Wednesday, July 6, 2016

Council OKs sidewalk subsidy plan, raises city's share to $1,000 per project; discusses Main St. rest room idea

The Midway City Council amended and approved a policy Tuesday night for fixing the city's sidewalks, after hearing that some repairs may be so expensive that only a few projects will be completed with the $27,000 the city has in its budget for the work.

"We'll be lucky to get to four" projects, Mayor Grayson Vandegrift said, after Council Member Bruce Southworth estimated that 12 projects could be done and Council Member Steven Craig estimated eight to 10. Council Member Libby Warfield said, "I think you could have $15,000 on some of these."

Vandegrift said earlier that while many sidewalks need repair, "The vast majority that are not in great shape are not a priority."

The council passed a resolution saying that the council will establish a list of sidewalk projects that are needed for safety reasons, take bids for the work, and notify the property owners that it will pay half the cost, up to $1,000, if they will pay the rest. If a selected property owner refuses to participate, the city could pay the entire cost and place a lien on the property, which would have to be satisfied if and when the property is sold.

The city-funded limit on each project was originally going to be $500, but the council raised that to $1,000 after concluding that $500 might not go very far. Council Member Sara Hicks said she received an estimate of $1,200 for replacing 13 feet of brick sidewalk for which she has the bricks.

At Hicks's suggestion, the council also changed the resolution to specify that property owners with any delinquent taxes or blighted property in the city will not be eligible for the city subsidy. The original draft applied only to property with dangerous sidewalks.

Hicks asked if the council could make accommodation for property owners who can't come up with all the money at once, but she withdrew the idea after city attorney Phil Moloney asked if owners of commercial buildings would get the same treatment and Southworth said, "You have to be fair across the board."

After agreeing on other changes, the council passed the resolution 5-0. Council Member Nita Faye Gallagher, who has a sidewalk that might qualify for the program, abstained.

Public rest room on Main Street?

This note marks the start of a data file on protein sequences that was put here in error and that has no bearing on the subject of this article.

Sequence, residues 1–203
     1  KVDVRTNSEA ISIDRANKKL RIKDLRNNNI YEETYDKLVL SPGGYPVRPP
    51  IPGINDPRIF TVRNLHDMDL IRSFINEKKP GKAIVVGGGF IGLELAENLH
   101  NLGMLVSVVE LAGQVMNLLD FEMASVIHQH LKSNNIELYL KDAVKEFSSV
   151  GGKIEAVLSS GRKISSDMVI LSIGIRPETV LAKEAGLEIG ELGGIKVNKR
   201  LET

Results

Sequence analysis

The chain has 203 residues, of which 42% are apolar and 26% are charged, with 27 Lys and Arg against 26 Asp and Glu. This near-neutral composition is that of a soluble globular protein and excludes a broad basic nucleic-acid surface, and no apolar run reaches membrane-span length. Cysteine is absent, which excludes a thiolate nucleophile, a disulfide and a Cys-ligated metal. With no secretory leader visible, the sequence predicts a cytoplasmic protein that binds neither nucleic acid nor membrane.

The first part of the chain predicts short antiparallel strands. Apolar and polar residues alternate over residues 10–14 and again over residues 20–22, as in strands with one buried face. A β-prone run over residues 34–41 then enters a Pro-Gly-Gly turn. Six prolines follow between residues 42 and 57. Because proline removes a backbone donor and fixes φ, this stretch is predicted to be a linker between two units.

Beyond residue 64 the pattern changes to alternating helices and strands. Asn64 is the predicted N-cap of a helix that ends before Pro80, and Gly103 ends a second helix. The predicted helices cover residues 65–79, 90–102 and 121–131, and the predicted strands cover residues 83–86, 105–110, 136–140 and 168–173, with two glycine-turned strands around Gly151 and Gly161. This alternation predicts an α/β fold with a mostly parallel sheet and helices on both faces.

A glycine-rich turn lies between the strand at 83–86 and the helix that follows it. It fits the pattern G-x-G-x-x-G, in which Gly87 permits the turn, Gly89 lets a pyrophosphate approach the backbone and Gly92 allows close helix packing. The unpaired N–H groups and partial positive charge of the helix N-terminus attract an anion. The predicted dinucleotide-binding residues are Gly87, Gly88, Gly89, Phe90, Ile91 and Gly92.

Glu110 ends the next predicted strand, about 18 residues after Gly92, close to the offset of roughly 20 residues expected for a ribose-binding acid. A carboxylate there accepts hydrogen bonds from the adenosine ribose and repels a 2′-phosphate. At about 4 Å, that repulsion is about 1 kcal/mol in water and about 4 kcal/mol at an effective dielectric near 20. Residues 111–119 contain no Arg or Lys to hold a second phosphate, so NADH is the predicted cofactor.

In other business, the council encouraged Midway Renaissance to investigate the group's idea for a public rest room on Main Street for evening and weekend visitors who don't patronize the restaurants, but declined to embrace the idea outright.

Renaissance President Jo Blease said the need for a public restroom "seems to be a consistent complaint that people hear," but "We really can't proceed unless we know that's something you all would be supportive of."

Vandegrift said, "That can't be a priority for the city unless there are some private funds." Blease asked whether it was something the council would like to see Renaissance focus on. Craig said, "I would like to see you focus on something else, other than that."

Other council members didn't say likewise, and discussed the possibility of building a rest room in the rental side of City Hall or creating a new entrance to City Hall's rear bathroom and blocking access from it to the rest of the building. Council Member Dan Roller said that would require more security for the building's upstairs tenants.

Roller moved that the council support Renaissance's investigation of the idea, and the motion passed unanimously.

Earlier, Roller suggested that Renaissance work with the Midway Business Association on the idea, because "They would be a good judge if a lot of people ask about rest rooms." Blease told the council that MBA President Kenny Smith had suggested Renaissance pursue a rest room as a project. The subject was not mentioned at Wednesday morning's MBA meeting, which lacked a quorum but discussed other topics, such as support from the county Tourism Commission for advertising.

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